From Technology Review

Developers Reinvent the Music Store

A new partnership between "music intelligence" platform Echonest and streaming music service lets developers create apps that offer new ways to find music and stream whole tracks for free. The deal can be used to create an app that streams up to five hours a week of music from a catalog of three million tracks; once the weekly streaming limit is reached, users have to pay up $10 a month for unlimited streaming--a pricing scheme identical to competitor Spotify.

Music wheel: The Slice app for Android was created by students at Olin College of Engineering. It uses data from Echonest and to explore music visually.

Music Explorer FX is just one of more than 70 that already take advantage of Echonest's application programming interface (API), which feeds data to apps from a vast catalog of artists and tracks. The API maps connections between similar songs and artists, is available to any developer who signs up for an Echonest API key. Through the deal with, Echonest's service can be used to stream tracks from labels including Sony, EMI, and the Orchard. Overnight, online music stalwarts Pandora,, and Grooveshark find that they have dozens of competitors built by small teams and even individual coders. "App developers are, we believe, the future of this space, says Echonest's CEO, Jim Lucchese. "They are the future of [music] retail."

Developers don't sell music under the new deal, but they get a cut whenever a user signs up for the streaming service through their app. This makes them, in essence, sales affiliates for, and by extension for all the labels whose music it aggregates.

Developers have always been able to cut deals with record labels individually, but that process was prohibitively expensive and time-consuming. By obtaining blanket rights to stream all the music in its catalog, has eliminated that headache. "From a lawyer standpoint, an API is a very efficient contract," says Lucchese. "It's as if you said, 'Here's my stuff, and here are the rules, and as long as you play by the rules, we're good to go.' " Using the API that allows access to Echonest's database, five students at Olin College of Engineering were able to put together, in a single semester, a mobile app that explores unexpected connections between bands. The result is the Slice app for Android. The app uses a spinning, color-coded wheel to make it easy to hop from one artist to the next. The goal is to create something more dynamic than traditional Internet radio offerings by giving users a different way to explore the relatedness of artists and genres.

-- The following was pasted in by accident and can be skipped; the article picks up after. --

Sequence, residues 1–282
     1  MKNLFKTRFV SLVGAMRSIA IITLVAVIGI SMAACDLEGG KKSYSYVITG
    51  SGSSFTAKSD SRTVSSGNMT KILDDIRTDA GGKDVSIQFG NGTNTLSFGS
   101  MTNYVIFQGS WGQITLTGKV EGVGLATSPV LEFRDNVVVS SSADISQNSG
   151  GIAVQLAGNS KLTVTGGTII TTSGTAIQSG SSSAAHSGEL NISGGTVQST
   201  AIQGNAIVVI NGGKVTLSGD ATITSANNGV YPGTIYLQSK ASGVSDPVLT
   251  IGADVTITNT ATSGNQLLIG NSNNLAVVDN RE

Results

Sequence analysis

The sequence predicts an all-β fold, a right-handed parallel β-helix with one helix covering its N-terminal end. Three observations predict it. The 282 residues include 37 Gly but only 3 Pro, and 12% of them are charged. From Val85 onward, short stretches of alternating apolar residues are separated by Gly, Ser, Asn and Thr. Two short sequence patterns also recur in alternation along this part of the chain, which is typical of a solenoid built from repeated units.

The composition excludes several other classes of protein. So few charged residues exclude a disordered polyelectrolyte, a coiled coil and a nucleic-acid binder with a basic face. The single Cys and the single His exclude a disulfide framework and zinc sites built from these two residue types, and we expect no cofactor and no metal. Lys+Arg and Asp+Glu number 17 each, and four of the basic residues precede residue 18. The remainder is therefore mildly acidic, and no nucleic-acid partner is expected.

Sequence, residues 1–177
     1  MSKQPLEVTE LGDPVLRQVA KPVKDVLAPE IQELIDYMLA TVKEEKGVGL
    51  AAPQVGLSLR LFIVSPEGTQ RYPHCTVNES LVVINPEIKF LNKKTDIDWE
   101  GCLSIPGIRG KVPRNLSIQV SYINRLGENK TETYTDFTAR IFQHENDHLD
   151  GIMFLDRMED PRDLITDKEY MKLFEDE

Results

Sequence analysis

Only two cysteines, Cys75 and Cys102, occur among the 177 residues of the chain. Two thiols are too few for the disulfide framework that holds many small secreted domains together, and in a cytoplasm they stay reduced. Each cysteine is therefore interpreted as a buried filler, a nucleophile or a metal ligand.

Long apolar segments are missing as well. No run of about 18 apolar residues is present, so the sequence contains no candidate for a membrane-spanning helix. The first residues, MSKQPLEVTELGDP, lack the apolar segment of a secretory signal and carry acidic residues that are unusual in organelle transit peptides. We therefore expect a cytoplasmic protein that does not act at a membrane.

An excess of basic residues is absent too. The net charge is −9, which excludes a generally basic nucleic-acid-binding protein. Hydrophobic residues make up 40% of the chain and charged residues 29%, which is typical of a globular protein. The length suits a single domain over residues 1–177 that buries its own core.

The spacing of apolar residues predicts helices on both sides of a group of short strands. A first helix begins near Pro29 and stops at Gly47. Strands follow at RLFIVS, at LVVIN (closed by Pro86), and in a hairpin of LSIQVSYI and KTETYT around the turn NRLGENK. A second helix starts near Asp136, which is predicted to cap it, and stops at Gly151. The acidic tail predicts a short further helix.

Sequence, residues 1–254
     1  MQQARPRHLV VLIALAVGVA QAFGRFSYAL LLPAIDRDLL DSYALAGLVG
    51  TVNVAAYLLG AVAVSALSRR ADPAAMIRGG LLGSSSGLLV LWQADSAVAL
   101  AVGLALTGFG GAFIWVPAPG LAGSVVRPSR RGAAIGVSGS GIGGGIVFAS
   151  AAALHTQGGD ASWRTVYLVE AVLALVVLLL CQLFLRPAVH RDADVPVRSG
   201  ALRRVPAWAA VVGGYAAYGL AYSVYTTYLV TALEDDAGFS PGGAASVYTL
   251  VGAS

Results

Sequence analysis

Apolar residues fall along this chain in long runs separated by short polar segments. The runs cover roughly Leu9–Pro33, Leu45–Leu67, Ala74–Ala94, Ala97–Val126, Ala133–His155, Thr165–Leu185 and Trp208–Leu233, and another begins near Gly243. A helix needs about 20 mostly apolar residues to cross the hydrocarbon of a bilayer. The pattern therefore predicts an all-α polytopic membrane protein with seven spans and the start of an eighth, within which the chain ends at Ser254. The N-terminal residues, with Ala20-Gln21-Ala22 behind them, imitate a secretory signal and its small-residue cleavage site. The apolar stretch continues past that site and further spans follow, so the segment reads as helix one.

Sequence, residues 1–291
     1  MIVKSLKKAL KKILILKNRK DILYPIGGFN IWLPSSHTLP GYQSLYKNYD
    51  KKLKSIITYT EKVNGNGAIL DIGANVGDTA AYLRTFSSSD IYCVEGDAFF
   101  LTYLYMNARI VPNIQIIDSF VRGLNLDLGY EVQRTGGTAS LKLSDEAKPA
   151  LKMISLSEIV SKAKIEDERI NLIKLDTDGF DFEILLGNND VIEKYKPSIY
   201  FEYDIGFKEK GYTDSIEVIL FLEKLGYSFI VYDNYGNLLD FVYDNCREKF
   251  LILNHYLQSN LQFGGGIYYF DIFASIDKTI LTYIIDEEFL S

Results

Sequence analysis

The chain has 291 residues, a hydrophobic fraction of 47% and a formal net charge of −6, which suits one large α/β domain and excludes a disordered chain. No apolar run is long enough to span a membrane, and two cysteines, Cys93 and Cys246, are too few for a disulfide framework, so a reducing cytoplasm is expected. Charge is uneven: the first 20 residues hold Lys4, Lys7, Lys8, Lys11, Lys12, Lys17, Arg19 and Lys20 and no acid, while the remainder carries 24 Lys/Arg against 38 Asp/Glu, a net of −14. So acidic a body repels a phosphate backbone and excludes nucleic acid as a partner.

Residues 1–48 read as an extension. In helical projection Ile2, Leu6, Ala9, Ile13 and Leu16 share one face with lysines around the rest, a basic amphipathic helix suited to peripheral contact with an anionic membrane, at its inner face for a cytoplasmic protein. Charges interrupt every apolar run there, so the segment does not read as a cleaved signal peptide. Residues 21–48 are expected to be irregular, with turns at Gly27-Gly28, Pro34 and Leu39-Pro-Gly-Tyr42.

Replacing individual contracts between developers and labels with a blanket contract and an API is equally advantageous for record labels, Lucchese says. "[ and its labels] basically get an outsourced app development team and a powerful affiliate network of cool apps."

But the complicated tangle of rights attached to the music libraries owned by major labels means there are limits to the kinds of apps that developers can build with For example, if a developer created a piece of software that syncs a track streamed from to a video--as in a Guitar Hero-style rhythm game--it would require a totally separate set of licenses, including a "sync license."

Even with these limitations in place, there are plenty of opportunities for developers.
Eventually, says Lucchese,, Echonest, and all of its affiliated apps could have access to the catalogs of almost every label. "There are probably more than 20 [online] services that have content from all four of the major labels. I'm sure is going to get there--it just takes time to license them all," says Lucchese.